Integrity - What does it look like?

Integrity - What does it look like?

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Julie Bell of Women for Independence's National Committee writes about integrity in politics and what it might actually mean. 

Integrity.

What does it mean to us?

Does it mean following our own paths, no matter what?

Does it mean finding common ground?

Does it mean standing up to bullies?

How does it feel when we ‘do’ integrity?

Do we recognise those moments when our integrity is all we have?

Is our integrity separate from ‘us’ and something we only call in when there’s no other choice?

Over many years, I’ve had reason to explore and consider my own integrity, what it means to me and how I live it, as I am sure we all have. I have placed myself in potentially job-losing scenarios, made mistakes, recovered and learned, like pretty much everyone I know.

I currently find myself drawing on all my reserves of integrity as I deal with issues in the political arena. Situations I would never have dreamed I would find myself in, if it had not been for Women for Independence. There will no doubt be many sisters reading this who are in the same boat. This is for all of us.

The touchstone for me here that links me to my integrity is ‘doing politics differently’.

Yet the women in politics, brought front and centre this week by the Conservative and Labour party leadership battles, are not doing politics differently. They are being women in a man’s environment, following patriarchal societal rules, and that way lies disaster if we are to bring about the kind of change I believe motivated us to become more politically active in the first place. Doing politics differently is realising that women behaving as badly as men is not the feminist way; that not all women are feminists; that some men are better feminists than some women.

The challenge for us is sticking with it through this difficult period of transition, bearing witness to ‘old’ behaviours in the political sphere, challenging the crusty old dinosaurs of whichever gender and being true to our integrity. Even when – and especially when – our voice shakes, our stomachs churn and our hearts thump as if they are about to escape from our chests.

The temptation, and the reality, of course, may result in expedient behaviours as a last resort when all else fails. And do you know what? Don’t beat yourself up too much – reflect, learn, move on.

People tend not to do change very well – there’s an inbuilt resistance to moving out of our comfort zones and we see the impacts of this in rising levels of sickness absence and levels of stress in the workplace and in global conflicts and strife, racial tensions and, indeed, Brexit.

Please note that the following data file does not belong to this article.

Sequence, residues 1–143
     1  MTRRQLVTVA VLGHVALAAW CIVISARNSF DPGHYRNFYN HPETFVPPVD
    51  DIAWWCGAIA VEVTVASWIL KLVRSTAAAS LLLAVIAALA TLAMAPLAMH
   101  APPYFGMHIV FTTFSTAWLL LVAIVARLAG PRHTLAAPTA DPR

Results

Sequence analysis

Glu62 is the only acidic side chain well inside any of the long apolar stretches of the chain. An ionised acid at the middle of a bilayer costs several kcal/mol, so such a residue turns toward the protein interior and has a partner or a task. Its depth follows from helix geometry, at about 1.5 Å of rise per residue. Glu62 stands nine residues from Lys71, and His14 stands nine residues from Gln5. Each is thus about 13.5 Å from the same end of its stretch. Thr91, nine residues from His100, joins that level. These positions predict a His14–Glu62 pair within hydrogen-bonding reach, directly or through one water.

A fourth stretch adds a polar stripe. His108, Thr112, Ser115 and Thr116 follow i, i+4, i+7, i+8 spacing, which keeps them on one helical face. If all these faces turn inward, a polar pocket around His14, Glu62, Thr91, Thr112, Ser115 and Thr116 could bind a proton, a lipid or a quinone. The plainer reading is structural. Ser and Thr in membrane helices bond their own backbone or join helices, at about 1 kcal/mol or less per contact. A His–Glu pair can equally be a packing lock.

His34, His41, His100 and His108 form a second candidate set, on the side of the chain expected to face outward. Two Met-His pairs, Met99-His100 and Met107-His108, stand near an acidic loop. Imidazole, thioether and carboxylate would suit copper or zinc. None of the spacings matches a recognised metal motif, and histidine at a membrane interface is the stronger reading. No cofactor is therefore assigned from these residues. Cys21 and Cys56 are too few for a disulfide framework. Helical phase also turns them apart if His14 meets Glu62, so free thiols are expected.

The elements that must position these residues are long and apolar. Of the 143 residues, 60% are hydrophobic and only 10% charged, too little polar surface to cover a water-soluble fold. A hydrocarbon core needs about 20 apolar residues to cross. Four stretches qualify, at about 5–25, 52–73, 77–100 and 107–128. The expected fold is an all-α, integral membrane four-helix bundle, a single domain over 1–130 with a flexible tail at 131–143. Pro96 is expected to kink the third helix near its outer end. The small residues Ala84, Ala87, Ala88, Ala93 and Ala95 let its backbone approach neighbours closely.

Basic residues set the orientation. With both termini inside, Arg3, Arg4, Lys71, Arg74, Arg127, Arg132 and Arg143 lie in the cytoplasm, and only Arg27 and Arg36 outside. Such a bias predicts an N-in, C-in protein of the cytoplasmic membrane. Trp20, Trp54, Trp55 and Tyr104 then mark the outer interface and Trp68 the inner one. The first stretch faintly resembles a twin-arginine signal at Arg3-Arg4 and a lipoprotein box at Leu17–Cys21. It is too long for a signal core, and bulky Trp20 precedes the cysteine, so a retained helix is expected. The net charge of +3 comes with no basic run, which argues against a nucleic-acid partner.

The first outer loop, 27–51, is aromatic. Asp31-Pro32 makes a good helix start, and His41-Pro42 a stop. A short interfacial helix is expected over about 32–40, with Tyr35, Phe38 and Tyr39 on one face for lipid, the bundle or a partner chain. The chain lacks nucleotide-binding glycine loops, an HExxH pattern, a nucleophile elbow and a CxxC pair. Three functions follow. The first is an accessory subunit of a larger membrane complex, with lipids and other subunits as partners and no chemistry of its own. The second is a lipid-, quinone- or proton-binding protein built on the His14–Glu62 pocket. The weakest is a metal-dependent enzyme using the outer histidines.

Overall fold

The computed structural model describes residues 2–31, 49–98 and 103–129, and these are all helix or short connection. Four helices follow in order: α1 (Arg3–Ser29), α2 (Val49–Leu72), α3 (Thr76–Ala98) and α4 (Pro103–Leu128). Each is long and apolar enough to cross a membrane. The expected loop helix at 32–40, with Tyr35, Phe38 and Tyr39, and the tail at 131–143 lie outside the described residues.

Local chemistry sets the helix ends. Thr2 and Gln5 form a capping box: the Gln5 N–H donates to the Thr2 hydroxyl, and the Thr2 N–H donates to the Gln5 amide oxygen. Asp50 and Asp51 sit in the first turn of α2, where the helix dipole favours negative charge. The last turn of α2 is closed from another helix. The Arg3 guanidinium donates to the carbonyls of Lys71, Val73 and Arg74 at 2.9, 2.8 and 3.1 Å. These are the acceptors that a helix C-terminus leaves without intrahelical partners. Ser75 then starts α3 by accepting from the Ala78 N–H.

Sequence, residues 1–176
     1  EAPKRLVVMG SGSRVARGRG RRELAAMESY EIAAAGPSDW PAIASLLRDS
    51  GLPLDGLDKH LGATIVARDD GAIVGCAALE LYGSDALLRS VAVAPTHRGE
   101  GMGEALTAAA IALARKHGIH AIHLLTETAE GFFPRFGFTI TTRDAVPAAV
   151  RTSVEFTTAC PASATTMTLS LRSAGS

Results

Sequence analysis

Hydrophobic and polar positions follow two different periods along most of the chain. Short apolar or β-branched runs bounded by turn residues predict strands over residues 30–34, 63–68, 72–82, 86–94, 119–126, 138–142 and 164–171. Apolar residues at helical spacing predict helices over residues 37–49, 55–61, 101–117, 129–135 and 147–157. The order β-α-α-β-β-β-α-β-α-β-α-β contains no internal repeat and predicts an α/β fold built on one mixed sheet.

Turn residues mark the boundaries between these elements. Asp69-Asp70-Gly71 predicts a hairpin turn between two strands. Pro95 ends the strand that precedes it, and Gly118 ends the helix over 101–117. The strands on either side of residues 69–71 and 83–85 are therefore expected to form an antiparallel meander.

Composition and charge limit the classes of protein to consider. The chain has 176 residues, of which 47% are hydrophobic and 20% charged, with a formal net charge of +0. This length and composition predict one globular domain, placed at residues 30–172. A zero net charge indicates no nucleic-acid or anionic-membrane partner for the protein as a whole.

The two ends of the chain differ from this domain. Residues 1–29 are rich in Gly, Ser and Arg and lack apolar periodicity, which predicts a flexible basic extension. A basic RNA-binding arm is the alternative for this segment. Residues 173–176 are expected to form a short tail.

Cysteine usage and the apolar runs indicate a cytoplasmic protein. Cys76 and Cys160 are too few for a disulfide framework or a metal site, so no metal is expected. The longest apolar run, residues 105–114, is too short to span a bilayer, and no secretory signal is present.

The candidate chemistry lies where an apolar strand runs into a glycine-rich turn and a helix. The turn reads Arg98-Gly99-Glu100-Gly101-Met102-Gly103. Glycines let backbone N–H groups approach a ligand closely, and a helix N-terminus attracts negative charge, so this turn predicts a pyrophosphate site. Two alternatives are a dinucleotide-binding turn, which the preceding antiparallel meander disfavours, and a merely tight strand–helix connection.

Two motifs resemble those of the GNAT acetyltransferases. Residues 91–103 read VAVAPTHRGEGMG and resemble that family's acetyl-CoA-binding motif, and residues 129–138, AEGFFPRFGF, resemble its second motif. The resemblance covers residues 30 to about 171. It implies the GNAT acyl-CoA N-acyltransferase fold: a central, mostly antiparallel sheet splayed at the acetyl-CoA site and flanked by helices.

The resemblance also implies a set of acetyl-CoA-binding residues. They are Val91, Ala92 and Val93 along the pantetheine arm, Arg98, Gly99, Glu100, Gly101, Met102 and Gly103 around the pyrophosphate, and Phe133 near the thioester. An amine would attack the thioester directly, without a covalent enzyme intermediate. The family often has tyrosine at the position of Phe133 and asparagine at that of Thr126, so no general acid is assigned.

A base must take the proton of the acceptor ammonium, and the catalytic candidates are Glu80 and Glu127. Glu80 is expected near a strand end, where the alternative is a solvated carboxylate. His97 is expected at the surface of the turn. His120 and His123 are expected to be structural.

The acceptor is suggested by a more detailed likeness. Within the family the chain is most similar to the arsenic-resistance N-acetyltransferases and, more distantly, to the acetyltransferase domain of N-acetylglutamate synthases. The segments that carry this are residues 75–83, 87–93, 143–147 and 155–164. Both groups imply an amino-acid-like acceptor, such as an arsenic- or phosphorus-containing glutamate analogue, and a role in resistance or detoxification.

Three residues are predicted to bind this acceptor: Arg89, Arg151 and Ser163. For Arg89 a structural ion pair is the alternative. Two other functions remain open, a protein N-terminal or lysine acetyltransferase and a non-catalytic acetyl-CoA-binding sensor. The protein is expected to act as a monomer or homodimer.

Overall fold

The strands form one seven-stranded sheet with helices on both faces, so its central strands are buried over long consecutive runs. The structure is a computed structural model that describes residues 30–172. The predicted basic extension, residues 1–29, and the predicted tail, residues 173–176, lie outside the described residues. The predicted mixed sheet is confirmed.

Be assured: change is already happening. It’s painful, though, and this will be tough for everyone, but it’s toughest for those with most to lose, be they states, political parties or individuals who fear loss of their power. Those dinosaurs again! Remember that we have our own power – it belongs to no-one else. Own it. Stand in it. Like Ieshia Evans in Baton Rouge – what a goddess she is!

There will be days we just have to get through – this is where our support networks are critical to our survival in this period of transition.  Getting through the day, on those days, is a triumph, make no mistake.

Seek out like-minded souls who will have our back and whose own integrity matches ours. Seek out those who raise us up. Seek out those who keep us safe, sane and laughing. Soon, there will be more of those than there are of them and we can completely move away from these negative behaviours, attitudes and machinations.

Look to role models to help us replicate the way we want to do things. Look to those amazing women who have already trodden the path into the political arena. My WFI sisters have been gifts from the goddesses – they have helped me get my feisty on, when my natural inclination is to soften and bend towards compromise (for there are truly times feisty is the only option!).

As women, we have a unique opportunity to step up to the plate and challenge the status quo. We can do so with dignity, with insight, calm, humour and integrity.

One of the most helpful pieces of advice I have ever received is to consider the Four Agreements, by don Miguel Ruiz:

  • Be impeccable with your word: speak with integrity.
  • Don't take anything personally: nothing others do is because of you.
  • Don't make assumptions: find the courage to ask questions and to express what you really want.
  • Always do your best: your best is going to change from moment to moment.

Let us be a role model for those who come behind – not because of who is watching but because it’s the right thing to do. Be a positive force for change. Be open and transparent, not underhand. Be honest, because that is the only choice. Be heart-centred. Be mindful, especially of how we feel. Don’t lose ourselves in the crisis and the urgency: most of all, remember what’s important and who is important. Find balance. Stay grounded and resilient. Walk on beaches and in mountains. Feel the wind in our hair and breathe in the scent of flowers. Surround ourselves with supportive, powerful women who nourish, nurture and love us. Turn our faces to the sun so that the shadows fall behind. Be the light that shines brightly. Set the world on fire.

Together, let’s be the bright, shiny comet that annihilates those dinosaurs once and for all. From a place of love, naturally.

 

Julie Bell

WFI NEC member

Angus

 

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